Completely agreed. Same reason TH saltwater rods as in 13'+ really powerful rods haven't caught on yet. And likely won't. Fly fishers the majority are traditionalists and don't like change. Even if the new alternative does work better. 

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13 hours ago, RedGreen said:

Completely agreed. Same reason TH saltwater rods as in 13'+ really powerful rods haven't caught on yet. And likely won't. Fly fishers the majority are traditionalists and don't like change. Even if the new alternative does work better. 

13' rods will not likely catch on,esp as we continue to see a decline in size of the avg fish:there is no practical use for them.That anyone would use such a heavy instrument for small fish absolutely baffles me.

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16 mins ago, slip n slide said:

13' rods will not likely catch on,esp as we continue to see a decline in size of the avg fish:there is no practical use for them.That anyone would use such a heavy instrument for small fish absolutely baffles me.

This thread isn't really about this so I don't wish to derail it by getting into TH stuff. I really shouldn't have mentioned anything. But I will say this. A 20" fish still puts a pretty healthy bend in my 13'er. The length and power are for beating the weather and surf, not the fish. I won't not use it if there were no reason as that would be just stupid. If it baffles you so then perhaps you should try it and see how it is. A big TH rod is great fun.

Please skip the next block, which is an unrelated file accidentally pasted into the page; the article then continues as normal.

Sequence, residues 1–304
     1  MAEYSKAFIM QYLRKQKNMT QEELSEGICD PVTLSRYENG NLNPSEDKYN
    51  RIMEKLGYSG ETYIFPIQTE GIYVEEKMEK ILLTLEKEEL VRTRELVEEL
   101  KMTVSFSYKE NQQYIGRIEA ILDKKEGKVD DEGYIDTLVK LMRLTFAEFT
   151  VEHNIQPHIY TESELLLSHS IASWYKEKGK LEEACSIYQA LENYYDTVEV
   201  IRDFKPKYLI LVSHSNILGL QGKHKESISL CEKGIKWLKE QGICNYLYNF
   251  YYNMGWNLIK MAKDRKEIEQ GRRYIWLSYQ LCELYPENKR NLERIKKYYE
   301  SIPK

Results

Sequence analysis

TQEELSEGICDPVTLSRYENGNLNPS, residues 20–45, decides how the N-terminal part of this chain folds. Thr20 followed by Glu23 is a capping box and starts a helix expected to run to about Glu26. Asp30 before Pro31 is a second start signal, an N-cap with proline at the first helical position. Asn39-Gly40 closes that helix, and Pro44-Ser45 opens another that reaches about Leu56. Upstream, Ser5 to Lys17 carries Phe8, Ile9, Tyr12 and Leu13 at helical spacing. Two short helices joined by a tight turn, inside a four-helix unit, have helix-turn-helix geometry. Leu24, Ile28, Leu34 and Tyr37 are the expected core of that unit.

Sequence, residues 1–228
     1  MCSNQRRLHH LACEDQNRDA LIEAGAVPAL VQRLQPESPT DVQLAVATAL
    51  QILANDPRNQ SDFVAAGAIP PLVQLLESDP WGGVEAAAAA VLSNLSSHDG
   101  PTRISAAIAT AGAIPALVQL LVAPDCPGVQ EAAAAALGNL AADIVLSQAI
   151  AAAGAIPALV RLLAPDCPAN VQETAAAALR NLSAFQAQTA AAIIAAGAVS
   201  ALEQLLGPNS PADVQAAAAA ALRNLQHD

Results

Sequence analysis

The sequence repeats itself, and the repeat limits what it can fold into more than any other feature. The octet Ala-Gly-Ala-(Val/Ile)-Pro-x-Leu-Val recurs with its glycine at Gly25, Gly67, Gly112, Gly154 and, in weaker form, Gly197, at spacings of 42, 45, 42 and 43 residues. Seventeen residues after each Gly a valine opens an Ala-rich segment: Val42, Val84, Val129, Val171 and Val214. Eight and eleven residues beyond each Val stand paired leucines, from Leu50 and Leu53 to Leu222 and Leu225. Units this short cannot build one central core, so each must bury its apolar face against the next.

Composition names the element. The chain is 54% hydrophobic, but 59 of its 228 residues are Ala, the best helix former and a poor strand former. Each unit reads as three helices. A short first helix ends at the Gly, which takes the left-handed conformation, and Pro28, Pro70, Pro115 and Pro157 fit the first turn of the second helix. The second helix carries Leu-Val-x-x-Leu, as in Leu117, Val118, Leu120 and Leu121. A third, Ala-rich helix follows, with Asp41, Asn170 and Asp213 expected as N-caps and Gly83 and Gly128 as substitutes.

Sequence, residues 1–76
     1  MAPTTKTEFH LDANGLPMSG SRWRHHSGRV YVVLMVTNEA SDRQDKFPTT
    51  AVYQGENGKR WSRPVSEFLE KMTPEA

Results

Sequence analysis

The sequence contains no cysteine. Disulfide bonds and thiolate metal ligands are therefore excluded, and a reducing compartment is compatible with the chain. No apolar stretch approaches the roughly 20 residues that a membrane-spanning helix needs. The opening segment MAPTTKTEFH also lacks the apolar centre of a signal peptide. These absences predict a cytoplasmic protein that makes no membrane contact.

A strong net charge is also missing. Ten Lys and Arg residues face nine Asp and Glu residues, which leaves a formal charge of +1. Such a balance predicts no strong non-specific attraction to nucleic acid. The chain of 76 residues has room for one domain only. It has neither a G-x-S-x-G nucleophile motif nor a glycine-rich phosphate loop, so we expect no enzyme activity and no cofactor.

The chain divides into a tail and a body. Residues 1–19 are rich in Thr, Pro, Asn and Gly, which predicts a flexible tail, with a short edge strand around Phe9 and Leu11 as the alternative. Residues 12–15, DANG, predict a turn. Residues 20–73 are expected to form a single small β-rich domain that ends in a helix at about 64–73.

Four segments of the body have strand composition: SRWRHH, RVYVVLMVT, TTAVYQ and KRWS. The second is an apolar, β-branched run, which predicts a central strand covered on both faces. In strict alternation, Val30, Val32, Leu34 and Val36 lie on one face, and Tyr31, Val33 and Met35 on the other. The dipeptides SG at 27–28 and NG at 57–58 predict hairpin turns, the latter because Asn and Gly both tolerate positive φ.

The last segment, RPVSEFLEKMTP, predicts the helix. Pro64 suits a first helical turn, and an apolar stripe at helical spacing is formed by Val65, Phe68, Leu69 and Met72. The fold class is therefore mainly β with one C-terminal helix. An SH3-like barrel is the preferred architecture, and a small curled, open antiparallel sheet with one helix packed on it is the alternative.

Surf casters use heavier tackle than fly boys do as their rods are far stiffer and stronger, for the conditions they face. If we all used tackle to suit the fish we'd all use 8wts for stripers from shore yet a 10wt is most often recommended for the sake of not getting blown off the water. 

 

Sorry for derailing the thread OP. I will leave it alone now. 

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14 hours ago, HL said:

Cpalms

Yes - less impact on the body.

It's like high gear on a bike - easier but you don't go far.

Herb

Yes.

JC

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19 hours ago, Cpalms said:

I’m not sure I agree with that.  Short rods put a lot less torque and stress on your elbow and shoulder making them less ‘tiring’ or really less debilitating to cast all day.  NE guides recommend based on who they are sponsored by - can’t think of one I know who is sponsored by Loomis.

Cpalms,

To put my post in the proper perspective:

I am the U.S Distributor of CTS blanks and the NE guide, knowing that CTS will build a custom blank, contacted me to consider the option of a 7'8" - 8'0" blank for his personal use.  I have no idea if he is or he is not sponsored by a rod company.

I did not encourage him towards a "short" rod - nor did other fellow guides and friends.

Herb

 

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Herb,

I use short rods for boat fishing. For me, they are brilliant. The short end of my rod range is below 8’. These short rods are for lines from #9 to 500gr Rio Leviathan. The elevation that comes from standing on a boat, for me makes the 9’ not necessary. And I cast about the same distance with any reasonable rod length. And if a lot of casting is needed, then the shorter one is less tiring for me. I know that people have very different preferences in many matters, but this is mine in this issue. I may not be your average caster thou.